TABLE 14.3

Experimental Data of Autocatalytic Reaction for CHP 80 Mass% Conducted by TAM Tests

Isothermal Temperature (°C)

Sample Mass (g)

Reaction

Course

(Days)

Time (Hours)

Time (Days)

75

0.505

42.7

27.60

5.28

20.9

1082.51

80

1.020

20.0

20.80

4.05

13.0

980.98

83

0.510

22.0

13.30

6.29

9.7

1128.86

88

0.504

16.5

8.30

4.46

6.5

1181.65

90

0.506

14.1

7.55

2.61

4.0

1248.45

(Obtained from Lin et al. (2007) © National Institute of Occupational Safety and Health)

Comparisons with heat power vs. time of CHP 80 mass% under different isothermal temperatures by TAM tests (Obtained from Lin et al. (2007) © National Institute of Occupational Safety and Health)

FIGURE 14.2 Comparisons with heat power vs. time of CHP 80 mass% under different isothermal temperatures by TAM tests (Obtained from Lin et al. (2007) © National Institute of Occupational Safety and Health).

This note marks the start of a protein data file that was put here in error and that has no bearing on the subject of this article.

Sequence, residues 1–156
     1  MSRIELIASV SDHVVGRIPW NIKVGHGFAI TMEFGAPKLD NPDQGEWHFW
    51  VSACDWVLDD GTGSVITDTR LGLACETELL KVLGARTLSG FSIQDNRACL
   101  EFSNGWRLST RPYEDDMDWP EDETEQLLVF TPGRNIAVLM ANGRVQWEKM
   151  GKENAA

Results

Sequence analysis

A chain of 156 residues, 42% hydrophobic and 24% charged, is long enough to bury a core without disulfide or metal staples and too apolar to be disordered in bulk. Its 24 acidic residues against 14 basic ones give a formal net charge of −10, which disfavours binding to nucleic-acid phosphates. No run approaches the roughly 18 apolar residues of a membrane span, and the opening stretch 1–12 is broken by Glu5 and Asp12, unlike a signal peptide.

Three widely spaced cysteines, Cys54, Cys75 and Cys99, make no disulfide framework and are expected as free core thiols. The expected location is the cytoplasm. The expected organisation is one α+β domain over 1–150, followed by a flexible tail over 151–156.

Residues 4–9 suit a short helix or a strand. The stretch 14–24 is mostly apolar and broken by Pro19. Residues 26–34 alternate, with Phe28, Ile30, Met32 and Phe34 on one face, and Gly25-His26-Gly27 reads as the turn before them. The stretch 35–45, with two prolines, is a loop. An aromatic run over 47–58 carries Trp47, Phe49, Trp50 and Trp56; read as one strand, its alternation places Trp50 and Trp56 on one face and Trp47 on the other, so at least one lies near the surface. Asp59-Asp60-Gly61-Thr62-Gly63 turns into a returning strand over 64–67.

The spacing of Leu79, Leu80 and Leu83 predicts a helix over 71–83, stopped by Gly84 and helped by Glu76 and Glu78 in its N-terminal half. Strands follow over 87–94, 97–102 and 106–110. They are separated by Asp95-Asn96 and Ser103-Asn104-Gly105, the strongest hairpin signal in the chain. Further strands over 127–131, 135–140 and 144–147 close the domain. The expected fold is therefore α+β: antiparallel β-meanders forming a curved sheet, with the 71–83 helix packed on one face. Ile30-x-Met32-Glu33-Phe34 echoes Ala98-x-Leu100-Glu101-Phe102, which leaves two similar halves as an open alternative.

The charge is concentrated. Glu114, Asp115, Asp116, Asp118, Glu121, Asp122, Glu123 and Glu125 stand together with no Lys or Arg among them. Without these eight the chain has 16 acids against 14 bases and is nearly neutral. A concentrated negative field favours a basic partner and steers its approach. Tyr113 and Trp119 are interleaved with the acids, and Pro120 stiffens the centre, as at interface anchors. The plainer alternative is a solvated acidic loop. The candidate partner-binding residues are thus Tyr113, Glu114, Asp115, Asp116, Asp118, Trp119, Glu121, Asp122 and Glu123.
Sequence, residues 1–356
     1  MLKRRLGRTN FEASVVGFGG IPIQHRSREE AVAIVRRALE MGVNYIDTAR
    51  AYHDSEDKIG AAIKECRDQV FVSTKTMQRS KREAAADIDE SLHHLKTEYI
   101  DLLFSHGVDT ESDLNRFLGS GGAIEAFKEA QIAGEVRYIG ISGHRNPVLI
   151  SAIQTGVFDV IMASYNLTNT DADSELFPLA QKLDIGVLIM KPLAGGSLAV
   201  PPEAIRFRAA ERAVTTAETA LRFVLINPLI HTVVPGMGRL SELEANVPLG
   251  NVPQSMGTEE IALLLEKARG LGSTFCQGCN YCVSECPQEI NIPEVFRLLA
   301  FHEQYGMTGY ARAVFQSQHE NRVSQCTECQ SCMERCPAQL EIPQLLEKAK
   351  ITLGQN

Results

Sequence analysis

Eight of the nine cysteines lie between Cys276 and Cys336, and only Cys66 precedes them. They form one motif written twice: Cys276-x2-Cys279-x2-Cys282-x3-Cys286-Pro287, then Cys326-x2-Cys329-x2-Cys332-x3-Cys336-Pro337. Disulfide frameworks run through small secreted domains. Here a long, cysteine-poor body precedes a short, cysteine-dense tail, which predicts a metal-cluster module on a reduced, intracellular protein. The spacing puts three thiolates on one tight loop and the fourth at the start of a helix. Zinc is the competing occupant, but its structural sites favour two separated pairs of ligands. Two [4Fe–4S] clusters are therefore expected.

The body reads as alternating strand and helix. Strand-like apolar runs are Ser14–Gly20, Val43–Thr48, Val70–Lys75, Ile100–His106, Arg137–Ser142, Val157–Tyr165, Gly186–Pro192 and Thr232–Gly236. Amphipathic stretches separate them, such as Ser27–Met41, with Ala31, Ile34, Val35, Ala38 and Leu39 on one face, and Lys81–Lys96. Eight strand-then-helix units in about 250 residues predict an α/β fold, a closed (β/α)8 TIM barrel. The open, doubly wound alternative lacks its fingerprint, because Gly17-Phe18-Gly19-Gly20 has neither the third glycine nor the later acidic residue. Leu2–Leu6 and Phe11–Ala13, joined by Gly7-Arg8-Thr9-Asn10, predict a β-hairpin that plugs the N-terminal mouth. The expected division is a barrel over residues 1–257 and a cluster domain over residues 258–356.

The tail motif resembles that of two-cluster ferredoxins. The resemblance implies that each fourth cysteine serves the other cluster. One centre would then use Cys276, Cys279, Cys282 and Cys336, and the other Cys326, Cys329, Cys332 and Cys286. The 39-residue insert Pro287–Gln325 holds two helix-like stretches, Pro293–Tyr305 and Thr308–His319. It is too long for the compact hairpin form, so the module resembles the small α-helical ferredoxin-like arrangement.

Significance and Applications of CHP Derived by DSC and TAM

The use of various calorimetric techniques to determine the reactive hazardous characteristics of CHP during the various process stages could help in understanding the potential unexpected hazards from thermal runaway reactions. The significant observation drawn from both the DSC and TAM experiments of CHP in estimating the thermal characteristics due to its unstable nature and reactive structure were: l.

l. Addition of NaOH or FeCl, with CHP resulted in a higher heat of reaction with a considerable decrease in exothermic onset temperatures. The formation of OH- or Fe-,+ suggests the possible different reaction pathways for the increase in the reaction hazard.

  • 2. The contamination of CHP with incompatible substances such as acids/ bases, metal, ions and dusts during the sampling, preparation, and storage/ disposal could result in runaway reactions. Critical care should be taken to avoid contamination with reactive chemicals during each stage
  • 3. The prolonged storage of CHP at ambient temperatures results in thermal runaway owing to an autocatalytic reaction. The TAM experiments at 75,